The Gadsden Flag: Don't Tread On Me
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It’s hard to miss the Gadsden Flag these days. Although it sprung back into popular American consciousness when the Tea Party first got its legs, this is a flag with a long and storied history. In fact, the flag is older than the United States itself.
Back in 1751, Benjamin Franklin designed and published America’s first political cartoon. Called “Join Or Die,” it featured a generic snake cut into 13 parts. The imagery was clear: join together or be destroyed by British power. But why a snake? Around this time, Great Britain was sending criminals over to the colonies. Franklin once quipped that the colonists should thank them by sending over shipments of rattlesnakes. As American identity grew, so did an affinity for American (as opposed to British) symbols. Bald eagles, Native Americans and the American timber rattlesnake – the snake depicted on the flag.
By the time 1775 rolled around, the rattlesnake was an immensely popular symbol of America. It could be found throughout the 13 colonies on everything from buttons and badges to paper money and flags. No longer was the snake cut into pieces. It was now recognizably the American timber rattlesnake, coiled into an attack position with 13 rattles on its tail.
The flag takes on a special historical significance at the Battle of Bunker Hill. This battle, still celebrated in Boston, is where Colonel William Prescott famously gave the order not to fire “until you see the whites of their eyes.” One thing the battle underscored was that the Continental forces were woefully low on ammunition. In October of that year, the Continentals learned that two ships filled with weapons and gunpowder were headed for Boston. Four ships were commissioned into the Continental Navy, led by Commodore Esek Hopkins, ordered to get those cargo ships as their first mission.
In addition to sailors, the ships carried marines, enlisted in Philadelphia. Their drummers had drums featuring the yellow of the Gadsden Flag with the now well-known snake emblazoned on top. It included the words “Don’t Tread On Me” – a now-famous motto with an uncertain origin.
In December of 1775, “An Anonymous Guesser” wrote a letter to the Pennsylvania Journal. While the letter is anonymous, most scholars now agree that it was written by Benjamin Franklin. This letter suggested, “As I know it is the custom to have some device on the arms of every country, I supposed this may have been intended for the arms of America."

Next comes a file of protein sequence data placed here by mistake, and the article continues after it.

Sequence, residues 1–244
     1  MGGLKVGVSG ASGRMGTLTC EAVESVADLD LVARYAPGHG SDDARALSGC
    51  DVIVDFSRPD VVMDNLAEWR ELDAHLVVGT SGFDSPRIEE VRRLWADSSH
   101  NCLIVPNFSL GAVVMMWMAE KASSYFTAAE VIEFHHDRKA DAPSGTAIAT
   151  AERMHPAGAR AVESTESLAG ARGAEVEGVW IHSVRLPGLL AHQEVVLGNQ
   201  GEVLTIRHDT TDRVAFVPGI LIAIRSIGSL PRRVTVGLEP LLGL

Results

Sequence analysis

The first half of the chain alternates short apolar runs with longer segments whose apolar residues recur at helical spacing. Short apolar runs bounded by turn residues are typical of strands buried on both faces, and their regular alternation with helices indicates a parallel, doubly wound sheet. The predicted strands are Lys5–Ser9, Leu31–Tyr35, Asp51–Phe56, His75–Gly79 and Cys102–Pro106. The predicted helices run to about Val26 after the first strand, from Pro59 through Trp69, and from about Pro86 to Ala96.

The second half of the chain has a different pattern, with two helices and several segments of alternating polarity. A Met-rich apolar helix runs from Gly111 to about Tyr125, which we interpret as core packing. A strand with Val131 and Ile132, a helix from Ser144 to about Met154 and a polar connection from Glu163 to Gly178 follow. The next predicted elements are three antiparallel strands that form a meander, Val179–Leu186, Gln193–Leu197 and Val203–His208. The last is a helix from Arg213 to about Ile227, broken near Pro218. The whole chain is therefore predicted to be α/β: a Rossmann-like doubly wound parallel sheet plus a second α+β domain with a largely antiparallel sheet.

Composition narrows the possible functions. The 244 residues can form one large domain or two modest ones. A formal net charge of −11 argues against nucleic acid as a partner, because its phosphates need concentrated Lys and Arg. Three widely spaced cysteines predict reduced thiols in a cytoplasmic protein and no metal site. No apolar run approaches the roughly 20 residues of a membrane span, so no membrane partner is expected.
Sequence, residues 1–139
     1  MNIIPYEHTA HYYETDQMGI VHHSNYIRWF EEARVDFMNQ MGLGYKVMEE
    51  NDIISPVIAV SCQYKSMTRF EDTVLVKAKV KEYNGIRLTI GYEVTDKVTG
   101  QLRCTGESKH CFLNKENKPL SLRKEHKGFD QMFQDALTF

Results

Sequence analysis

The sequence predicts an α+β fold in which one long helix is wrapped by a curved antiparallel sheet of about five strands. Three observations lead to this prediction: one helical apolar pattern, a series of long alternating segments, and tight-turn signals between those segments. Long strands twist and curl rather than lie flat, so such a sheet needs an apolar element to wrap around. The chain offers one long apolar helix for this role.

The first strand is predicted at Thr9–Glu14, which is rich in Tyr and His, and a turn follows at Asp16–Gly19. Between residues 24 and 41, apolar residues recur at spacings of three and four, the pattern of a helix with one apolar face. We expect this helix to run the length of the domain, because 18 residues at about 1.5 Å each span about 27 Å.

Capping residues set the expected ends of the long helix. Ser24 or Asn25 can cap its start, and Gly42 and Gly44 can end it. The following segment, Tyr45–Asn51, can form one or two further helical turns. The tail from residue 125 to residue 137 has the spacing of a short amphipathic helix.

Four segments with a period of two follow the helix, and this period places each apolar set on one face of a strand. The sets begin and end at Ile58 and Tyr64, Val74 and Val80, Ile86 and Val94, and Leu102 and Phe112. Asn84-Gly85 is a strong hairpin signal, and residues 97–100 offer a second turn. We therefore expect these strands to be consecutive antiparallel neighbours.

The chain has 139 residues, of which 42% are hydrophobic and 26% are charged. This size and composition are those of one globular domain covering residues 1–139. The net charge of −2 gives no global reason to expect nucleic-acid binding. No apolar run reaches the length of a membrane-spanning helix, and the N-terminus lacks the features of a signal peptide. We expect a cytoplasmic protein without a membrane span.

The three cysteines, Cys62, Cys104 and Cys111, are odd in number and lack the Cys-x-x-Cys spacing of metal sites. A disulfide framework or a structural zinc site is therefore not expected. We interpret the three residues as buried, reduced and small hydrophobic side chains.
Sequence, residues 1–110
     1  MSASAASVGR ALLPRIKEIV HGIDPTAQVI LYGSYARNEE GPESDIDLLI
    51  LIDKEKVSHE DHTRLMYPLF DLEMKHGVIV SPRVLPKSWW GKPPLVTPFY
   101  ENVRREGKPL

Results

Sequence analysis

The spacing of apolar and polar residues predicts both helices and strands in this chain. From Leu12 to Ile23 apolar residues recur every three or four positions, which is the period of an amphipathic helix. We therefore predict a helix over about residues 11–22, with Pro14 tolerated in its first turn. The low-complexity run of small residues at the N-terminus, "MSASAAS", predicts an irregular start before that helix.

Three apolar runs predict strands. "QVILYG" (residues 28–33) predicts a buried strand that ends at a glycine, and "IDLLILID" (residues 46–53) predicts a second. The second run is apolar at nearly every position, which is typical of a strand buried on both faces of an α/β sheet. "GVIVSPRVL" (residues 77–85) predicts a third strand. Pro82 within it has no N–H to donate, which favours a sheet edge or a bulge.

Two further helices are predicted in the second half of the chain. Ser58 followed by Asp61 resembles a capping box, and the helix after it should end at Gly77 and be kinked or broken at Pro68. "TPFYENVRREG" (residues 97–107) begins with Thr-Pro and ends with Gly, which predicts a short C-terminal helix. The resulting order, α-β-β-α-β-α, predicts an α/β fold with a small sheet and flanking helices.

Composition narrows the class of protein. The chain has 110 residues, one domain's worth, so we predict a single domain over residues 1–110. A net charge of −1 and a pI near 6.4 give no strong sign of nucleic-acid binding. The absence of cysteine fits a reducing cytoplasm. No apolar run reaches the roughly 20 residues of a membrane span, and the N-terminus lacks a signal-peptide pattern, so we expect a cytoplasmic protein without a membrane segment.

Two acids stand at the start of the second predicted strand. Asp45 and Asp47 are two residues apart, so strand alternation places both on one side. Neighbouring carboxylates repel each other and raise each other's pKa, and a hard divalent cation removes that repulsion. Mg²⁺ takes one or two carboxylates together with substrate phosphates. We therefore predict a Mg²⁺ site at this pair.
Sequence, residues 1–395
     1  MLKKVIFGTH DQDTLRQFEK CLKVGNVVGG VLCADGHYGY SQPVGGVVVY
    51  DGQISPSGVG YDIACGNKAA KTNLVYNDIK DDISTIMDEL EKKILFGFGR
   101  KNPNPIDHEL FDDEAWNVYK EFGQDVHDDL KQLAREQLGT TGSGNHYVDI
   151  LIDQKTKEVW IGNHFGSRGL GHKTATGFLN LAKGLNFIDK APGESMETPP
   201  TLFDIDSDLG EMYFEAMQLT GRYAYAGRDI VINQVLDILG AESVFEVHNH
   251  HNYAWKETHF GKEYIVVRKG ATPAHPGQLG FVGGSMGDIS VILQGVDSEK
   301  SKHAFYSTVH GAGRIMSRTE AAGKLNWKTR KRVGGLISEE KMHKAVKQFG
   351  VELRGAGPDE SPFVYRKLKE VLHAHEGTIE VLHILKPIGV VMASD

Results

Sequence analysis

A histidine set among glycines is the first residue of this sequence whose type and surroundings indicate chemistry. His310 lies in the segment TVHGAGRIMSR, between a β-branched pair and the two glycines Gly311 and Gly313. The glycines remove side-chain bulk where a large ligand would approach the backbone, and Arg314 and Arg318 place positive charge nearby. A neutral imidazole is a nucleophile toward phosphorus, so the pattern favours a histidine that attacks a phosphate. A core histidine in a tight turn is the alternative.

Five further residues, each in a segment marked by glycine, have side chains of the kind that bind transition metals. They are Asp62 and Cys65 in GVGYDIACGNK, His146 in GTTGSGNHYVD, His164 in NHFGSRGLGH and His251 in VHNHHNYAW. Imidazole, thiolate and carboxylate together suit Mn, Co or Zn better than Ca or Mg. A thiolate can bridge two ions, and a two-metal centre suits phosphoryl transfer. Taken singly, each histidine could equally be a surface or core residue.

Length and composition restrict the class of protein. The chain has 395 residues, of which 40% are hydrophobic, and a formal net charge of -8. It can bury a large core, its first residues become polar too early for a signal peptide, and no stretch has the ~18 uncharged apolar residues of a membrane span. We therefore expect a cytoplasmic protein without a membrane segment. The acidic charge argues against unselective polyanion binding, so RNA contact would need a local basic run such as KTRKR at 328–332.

Anonymous Franklin’s reasons for such were as follows:
- The rattlesnake is only found in North America.
- The creature has “sharp eyes” and "may therefore be esteemed an emblem of vigilance.”
- The snake isn’t known for unprovoked attacks. However, once it does attack, it doesn’t stop until it wins.
- What’s more, even before attacking, the rattlesnake gives ample warning in the form of its rattle.
- Franklin claimed in the letter that the snake’s tail had 13 rattles, none of which would work independently of one another.
While Franklin didn’t get his wish, the Gadsden Flag did find a place as the personal standard of Commodore Hopkins. No one is sure if his flag inspired the drums or if the drums inspired Hopkins. However, one thing is certain: the Gadsden Flag, by virtue of being Hopkins’ standard, was effectively the first flag of the American Navy and Marines. He later presented another copy of the flag to the South Carolina legislature.
But what of the man himself? Who was Gadsden? Christopher Gadsden was the designer of the flag. He’s known as “the Sam Adams of the South.” Both a soldier and a statesman, Gadsden was a founding member of South Carolina’s Sons of Liberty chapter. He served as a delegate to both the First and Second Continental Congresses. He left the Continental Congress in 1776 to serve as commander of the 1st South Carolina Regiment of the Continental Army. His legislative service continued in the Provincial Congress of South Carolina. And during the war, he was captured and served 42 weeks in solitary confinement after refusing to cut a deal with British expeditionary forces.
After the war, his health was in poor shape, primarily due to his time spent in an old Spanish prison. Gadsden was elected to the position of governor for South Carolina, but declined the position due to his health. He remained in the state legislature until 1788 and voted to ratify the United States Constitution. He died in 1805 and is buried in Charlestown. The Gadsden Purchase in Arizona is named for his grandson, who was a diplomat.
Today you can find the Gadsden Flag and its variations throughout the conservative, libertarian and patriotic movements. The Tea Party waved it during their Obamacare protests in 2009. This is what caught the government’s attention. A 2009 report from Missouri law enforcement called the Gadsden Flag “the most common symbol displayed by right-wing terrorist organizations.” That same year in Louisiana, a man was detained by police simply for having a “Don’t Tread on Me” bumper sticker on his vehicle. Christopher Cantwell and other libertarians have added the rattlesnake and “Don’t Tread On Me” legend to the distinctive black-and-yellow anarcho-capitalist flag.
Over 250 years after its creation, the Gadsden Flag resonates because of its stark imagery and simple message. “Don’t Tread On Me” with a rattlesnake poised to attack says all that needs to be said. It is not an aggressive posture, but rather a defensive one. It says to anyone who would tread on the liberties of free people to think twice. While free people are peaceful, their patience is not endless. Next time you hoist this flag up, don a hat with its image or throw a Gadsden Flag sticker on your car – remember that you’re standing in a fine tradition that includes the first American Navy and Marines and the patriot after whom the flag is named.